A Massachusetts couple is starring in a new Proposition 8 ad that taps into the fears of some Californians. They sued the state of Massachusetts and lost.
"We want every Californian to know it will happen. Gay marriage will be taught to the youngest of children," said Massachusetts father Robb Wirthlin.
There is nothing in California's education code that mandates schools teach anything about marriage. But the yes on 8 campaign is taking their message on the road, with a bus tour that brings them to the Bay Area on Tuesday.
The no on 8 campaign is firing back with its own ad, accusing critics of using scare tactics. A new anti-Proposition 8 ad also challenges the claim that churches could lose their tax exempt status.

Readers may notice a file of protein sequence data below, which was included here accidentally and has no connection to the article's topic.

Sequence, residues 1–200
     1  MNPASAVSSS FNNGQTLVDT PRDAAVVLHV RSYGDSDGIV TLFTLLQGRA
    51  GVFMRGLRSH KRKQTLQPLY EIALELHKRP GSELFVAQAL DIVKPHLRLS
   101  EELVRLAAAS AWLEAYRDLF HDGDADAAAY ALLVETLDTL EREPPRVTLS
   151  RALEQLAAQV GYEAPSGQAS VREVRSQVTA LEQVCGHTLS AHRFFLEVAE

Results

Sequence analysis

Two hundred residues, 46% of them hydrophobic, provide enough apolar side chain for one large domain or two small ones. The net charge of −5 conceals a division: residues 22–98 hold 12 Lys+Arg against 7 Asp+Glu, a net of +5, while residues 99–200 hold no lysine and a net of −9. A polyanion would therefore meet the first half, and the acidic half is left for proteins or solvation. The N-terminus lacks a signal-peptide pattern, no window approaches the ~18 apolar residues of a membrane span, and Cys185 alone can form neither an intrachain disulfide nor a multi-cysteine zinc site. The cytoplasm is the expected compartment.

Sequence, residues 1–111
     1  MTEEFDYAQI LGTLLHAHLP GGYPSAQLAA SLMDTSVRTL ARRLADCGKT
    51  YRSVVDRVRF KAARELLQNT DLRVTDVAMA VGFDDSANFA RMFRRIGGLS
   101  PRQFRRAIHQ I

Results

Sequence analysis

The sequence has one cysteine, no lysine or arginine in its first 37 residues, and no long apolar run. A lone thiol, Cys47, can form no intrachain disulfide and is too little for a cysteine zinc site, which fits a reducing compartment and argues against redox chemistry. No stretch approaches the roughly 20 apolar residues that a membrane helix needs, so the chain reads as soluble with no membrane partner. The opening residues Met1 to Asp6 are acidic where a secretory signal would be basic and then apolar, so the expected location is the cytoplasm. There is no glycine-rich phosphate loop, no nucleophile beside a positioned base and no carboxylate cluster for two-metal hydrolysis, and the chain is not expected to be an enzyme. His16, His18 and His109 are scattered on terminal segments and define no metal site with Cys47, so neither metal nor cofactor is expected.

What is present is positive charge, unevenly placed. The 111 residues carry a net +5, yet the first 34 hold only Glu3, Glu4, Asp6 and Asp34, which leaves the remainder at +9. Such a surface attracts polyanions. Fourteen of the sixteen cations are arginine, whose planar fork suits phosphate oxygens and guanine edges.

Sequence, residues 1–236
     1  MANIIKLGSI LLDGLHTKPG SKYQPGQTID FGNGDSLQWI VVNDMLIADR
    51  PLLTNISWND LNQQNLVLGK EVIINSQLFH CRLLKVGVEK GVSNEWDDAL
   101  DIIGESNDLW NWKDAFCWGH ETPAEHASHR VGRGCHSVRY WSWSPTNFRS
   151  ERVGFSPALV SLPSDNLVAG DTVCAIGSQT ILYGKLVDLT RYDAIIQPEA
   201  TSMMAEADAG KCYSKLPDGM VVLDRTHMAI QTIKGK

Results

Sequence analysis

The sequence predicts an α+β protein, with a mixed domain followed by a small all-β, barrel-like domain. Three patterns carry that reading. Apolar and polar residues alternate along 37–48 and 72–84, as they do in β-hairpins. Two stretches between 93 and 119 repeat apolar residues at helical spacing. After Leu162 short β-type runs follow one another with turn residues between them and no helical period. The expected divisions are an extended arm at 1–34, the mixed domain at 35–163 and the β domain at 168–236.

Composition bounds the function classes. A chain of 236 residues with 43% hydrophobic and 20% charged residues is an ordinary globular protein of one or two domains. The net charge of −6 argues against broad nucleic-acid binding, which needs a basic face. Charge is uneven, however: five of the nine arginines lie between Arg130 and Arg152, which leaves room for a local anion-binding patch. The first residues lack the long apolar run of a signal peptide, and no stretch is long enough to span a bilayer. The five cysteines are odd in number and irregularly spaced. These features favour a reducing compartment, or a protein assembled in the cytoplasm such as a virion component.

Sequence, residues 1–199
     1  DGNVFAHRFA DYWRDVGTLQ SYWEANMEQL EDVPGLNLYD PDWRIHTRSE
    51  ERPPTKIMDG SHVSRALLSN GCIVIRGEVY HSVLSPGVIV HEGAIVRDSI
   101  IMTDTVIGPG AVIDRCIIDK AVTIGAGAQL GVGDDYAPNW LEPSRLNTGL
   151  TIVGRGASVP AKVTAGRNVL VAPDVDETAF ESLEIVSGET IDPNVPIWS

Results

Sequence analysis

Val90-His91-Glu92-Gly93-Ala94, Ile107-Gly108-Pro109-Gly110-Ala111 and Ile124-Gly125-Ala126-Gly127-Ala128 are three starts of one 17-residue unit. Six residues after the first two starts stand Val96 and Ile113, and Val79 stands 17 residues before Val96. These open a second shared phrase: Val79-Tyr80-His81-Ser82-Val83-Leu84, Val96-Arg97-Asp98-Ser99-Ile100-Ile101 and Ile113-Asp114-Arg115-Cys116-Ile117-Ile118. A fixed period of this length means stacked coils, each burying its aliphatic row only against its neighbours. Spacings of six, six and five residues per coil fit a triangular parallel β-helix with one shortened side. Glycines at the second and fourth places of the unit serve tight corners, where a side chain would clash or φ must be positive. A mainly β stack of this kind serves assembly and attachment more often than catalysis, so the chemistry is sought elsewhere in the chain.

On Monday in San Francisco, religious leaders from several faiths expressed strong support for same-sex marriages.
"God is on the side of liberation. God is on the side of the inalienable rights of all people," said Rev. Yvette Flunder from the City of Refugee United Church of Christ.
As the political back and forth heats up, same-sex couples are ramping up their rush to the altar.
"It defintely played a role in us getting married before the election," said Kate Meiss.
Meiss and Beth Steckler have been together 24 years. Shea Chester and Ken Decamp came all the way from Texas.
"We came to get married before the election," said Decamp.
To meet the demand, City Hall will issue licenses and perform weddings until 6 p.m. Tuesday thru Thursday for the next two weeks.Related links: